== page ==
As the first people on the scene in emergencies, first responders are challenged with caring for and calming victims as they work to resolve the situation itself. These police officers, fire fighters, and emergency medical professionals often find that they experience physical and mental health issues as a direct result of their jobs. A grant and planned hotline improvements have recently been announced as part of a move toward improving mental health resources for Florida first responders.
State Announces Grant
Florida governor Ron DeSantis recently announced a $4.9 million grant that has been made available through the state’s Department of Children and Families. The funds will be used to improve Florida’s 211 crisis hotline system.
As part of the planned improvements, first responders themselves will be hired to answer the 211 crisis calls so that they can act as a peer counselor and referral service to those first responders calling in for help. First Lady Casey DeSantis said, when announcing the grant, that first responders “need an outlet, they need a peer, they need someone that they can call, they know that they can relate to who understands what they endure day in and day out.”
The governor is also allocating over $23 million from CARES Act funds to support Florida’s mental health system. Out of that, $18 million will go to community-based services for adults and children, and $4.5 million will be used to enhance mental health treatment facilities throughout the state. DeSantis said, “The effects of the pandemic on mental health have been significant, and these funds are an important resource to help Floridians recover from COVID-19.”
Mental Health and COVID
The COVID-19 pandemic has increased stress levels for these emergency workers, beyond their normal duties, as well as for most people across the country. That added stress and worry over safety and health have increased the level of mental health issues and substance use disorders.
In a poll conducted in July 2020, it was found that 53% of adults in the US reported that their mental health had been negatively impacted due to worry and stress over the pandemic. Impacts on an individual’s health and well-being, resulting from the isolation and uncertainty of the COVID-19 outbreak, can include difficulty sleeping or eating, increases in drug or alcohol use, and worsening chronic conditions.
Increased Risk of Trauma
When first responders arrive on the scene of an emergency, they face challenging and often dangerous situations, even during “normal” times. In a disaster, either natural or manmade, first responders provide emotional and physical support to the victims. All of this puts these responders, including police, firefighters, search and rescue personnel, and emergency and paramedical teams, at an increased risk of trauma.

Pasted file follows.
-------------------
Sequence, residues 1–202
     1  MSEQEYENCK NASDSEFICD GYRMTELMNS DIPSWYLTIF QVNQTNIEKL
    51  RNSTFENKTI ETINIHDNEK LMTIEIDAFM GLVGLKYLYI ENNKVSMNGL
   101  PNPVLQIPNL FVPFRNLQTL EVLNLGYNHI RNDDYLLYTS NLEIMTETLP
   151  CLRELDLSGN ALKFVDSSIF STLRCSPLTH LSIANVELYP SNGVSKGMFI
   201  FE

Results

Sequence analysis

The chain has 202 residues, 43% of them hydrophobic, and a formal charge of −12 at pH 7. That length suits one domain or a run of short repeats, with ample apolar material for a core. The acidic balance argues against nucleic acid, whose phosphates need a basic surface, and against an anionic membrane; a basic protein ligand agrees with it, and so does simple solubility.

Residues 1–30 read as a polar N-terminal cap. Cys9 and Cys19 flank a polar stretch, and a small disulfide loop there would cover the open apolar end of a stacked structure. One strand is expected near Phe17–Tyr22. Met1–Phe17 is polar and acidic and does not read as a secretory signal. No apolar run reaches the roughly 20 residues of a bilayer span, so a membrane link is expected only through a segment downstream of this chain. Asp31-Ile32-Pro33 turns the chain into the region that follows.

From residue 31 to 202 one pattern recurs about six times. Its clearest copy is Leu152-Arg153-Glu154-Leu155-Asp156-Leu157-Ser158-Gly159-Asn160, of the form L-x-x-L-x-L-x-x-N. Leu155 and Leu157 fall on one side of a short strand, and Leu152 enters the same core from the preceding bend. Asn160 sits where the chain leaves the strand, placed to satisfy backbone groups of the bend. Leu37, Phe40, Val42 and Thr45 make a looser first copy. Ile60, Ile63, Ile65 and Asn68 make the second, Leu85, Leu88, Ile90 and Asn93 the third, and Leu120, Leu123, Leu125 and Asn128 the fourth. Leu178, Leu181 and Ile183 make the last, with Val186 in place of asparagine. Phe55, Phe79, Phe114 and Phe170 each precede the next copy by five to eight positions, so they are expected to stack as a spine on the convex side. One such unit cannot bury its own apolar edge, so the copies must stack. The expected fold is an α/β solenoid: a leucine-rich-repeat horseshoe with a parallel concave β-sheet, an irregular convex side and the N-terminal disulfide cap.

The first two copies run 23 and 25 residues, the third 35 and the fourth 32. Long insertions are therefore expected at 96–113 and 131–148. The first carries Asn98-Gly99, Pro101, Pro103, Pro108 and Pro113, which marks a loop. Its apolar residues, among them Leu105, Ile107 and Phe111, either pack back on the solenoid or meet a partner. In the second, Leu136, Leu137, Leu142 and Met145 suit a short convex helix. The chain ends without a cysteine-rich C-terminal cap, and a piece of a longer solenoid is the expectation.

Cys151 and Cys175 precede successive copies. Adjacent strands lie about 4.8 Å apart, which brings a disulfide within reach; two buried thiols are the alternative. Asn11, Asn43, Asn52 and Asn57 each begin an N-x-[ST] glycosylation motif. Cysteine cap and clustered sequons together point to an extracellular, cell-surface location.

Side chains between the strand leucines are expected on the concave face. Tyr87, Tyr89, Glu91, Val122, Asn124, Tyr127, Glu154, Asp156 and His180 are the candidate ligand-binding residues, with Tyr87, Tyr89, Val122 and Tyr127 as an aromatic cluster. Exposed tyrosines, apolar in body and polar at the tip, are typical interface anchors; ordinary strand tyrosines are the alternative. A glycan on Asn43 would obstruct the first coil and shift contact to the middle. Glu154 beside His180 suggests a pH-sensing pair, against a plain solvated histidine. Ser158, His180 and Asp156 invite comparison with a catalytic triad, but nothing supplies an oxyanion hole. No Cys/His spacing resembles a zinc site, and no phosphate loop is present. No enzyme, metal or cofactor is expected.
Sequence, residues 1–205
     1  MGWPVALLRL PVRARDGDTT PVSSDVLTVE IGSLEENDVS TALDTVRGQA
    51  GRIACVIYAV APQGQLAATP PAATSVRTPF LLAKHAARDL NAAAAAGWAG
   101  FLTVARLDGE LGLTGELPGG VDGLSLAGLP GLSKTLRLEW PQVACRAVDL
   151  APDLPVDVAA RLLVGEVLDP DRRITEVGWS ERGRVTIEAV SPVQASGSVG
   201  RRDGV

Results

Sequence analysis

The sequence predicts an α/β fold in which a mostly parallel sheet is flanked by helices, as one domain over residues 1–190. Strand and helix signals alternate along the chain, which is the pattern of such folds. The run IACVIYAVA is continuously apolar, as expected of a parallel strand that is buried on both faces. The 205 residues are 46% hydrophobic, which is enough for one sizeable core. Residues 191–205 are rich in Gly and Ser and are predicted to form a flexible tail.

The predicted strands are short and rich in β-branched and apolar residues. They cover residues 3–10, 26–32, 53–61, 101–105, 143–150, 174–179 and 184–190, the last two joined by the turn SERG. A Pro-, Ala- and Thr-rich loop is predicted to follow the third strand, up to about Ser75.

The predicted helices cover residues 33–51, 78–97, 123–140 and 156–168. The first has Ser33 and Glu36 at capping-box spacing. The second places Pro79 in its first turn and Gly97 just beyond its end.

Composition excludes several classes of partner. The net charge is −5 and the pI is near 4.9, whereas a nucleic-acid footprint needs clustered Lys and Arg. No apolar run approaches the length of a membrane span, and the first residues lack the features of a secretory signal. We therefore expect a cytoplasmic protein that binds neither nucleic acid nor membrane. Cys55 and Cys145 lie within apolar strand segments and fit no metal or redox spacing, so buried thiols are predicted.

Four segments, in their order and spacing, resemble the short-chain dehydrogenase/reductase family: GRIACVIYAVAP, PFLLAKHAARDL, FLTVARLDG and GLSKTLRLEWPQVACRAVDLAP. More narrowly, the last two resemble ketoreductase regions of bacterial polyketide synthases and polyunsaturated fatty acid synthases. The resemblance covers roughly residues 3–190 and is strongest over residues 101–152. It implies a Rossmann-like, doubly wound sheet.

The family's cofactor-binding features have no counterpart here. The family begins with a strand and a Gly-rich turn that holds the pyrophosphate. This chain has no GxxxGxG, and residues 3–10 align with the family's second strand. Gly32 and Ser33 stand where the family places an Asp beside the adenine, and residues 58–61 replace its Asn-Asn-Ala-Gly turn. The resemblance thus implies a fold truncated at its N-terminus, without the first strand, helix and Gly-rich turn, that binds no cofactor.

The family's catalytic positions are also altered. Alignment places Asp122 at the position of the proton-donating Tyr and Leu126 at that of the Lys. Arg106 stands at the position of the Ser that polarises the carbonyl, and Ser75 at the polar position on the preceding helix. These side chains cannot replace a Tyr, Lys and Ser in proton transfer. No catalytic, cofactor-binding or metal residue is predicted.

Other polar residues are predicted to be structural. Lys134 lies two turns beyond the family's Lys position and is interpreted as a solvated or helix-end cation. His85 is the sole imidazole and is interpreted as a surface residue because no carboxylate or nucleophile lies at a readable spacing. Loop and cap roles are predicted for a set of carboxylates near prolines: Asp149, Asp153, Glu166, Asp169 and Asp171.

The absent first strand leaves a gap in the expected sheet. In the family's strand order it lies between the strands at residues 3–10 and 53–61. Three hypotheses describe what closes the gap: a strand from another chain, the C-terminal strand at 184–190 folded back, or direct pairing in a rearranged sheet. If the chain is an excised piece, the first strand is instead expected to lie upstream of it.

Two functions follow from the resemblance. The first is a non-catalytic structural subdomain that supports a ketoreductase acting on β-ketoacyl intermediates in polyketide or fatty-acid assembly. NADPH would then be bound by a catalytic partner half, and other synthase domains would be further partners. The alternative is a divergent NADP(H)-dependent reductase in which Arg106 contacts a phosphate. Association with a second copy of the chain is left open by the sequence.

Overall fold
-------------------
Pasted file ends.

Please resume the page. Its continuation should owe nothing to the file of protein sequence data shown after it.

Improving mental health resources for Florida first responders is a step toward helping to alleviate some of the trauma they experience daily in their jobs. For example, they are often exposed (directly or indirectly) to death, grief, injury, pain, or loss as well as experiencing direct exposure to threats to personal safety, long hours of work, frequent shifts and longer shift hours, poor sleep, physical hardships, and other negative experiences.
The trauma that first responders experience on the job often follows them long after they clock out. The emotional stress they deal with when responding to emergencies or treating victims can affect their mental health in different ways, causing post-traumatic stress disorder (PTSD), depression, anxiety, and other long-lasting issues.
Many first responders continue to battle with PTSD, along with the physical strain of their job, long work hours, and lack of sleep. These factors can increase the likelihood of mental health problems and substance abuse. Offering peer counseling as part of the improved mental health resources for Florida first responders is a positive step toward encouraging them to reach out for help, as they will be assured that the person answering the phone truly understands their struggles.
Contact South Miami Recovery for Help
At South Miami Recovery, we offer you evidence-based therapies to help with your stress and anxiety, including mindfulness therapy. Our professional team is also here to help with your substance use issues, as we address the spiritual, physical, mental, and emotional aspects of your recovery. We know that your well-being is of the utmost importance during the COVID-19 pandemic, so South Miami Recovery offers HIPAA-compliant telehealth services to enable you to get the treatment you need now. Contact us today for help. Call South Miami Recovery at 305.661.0055.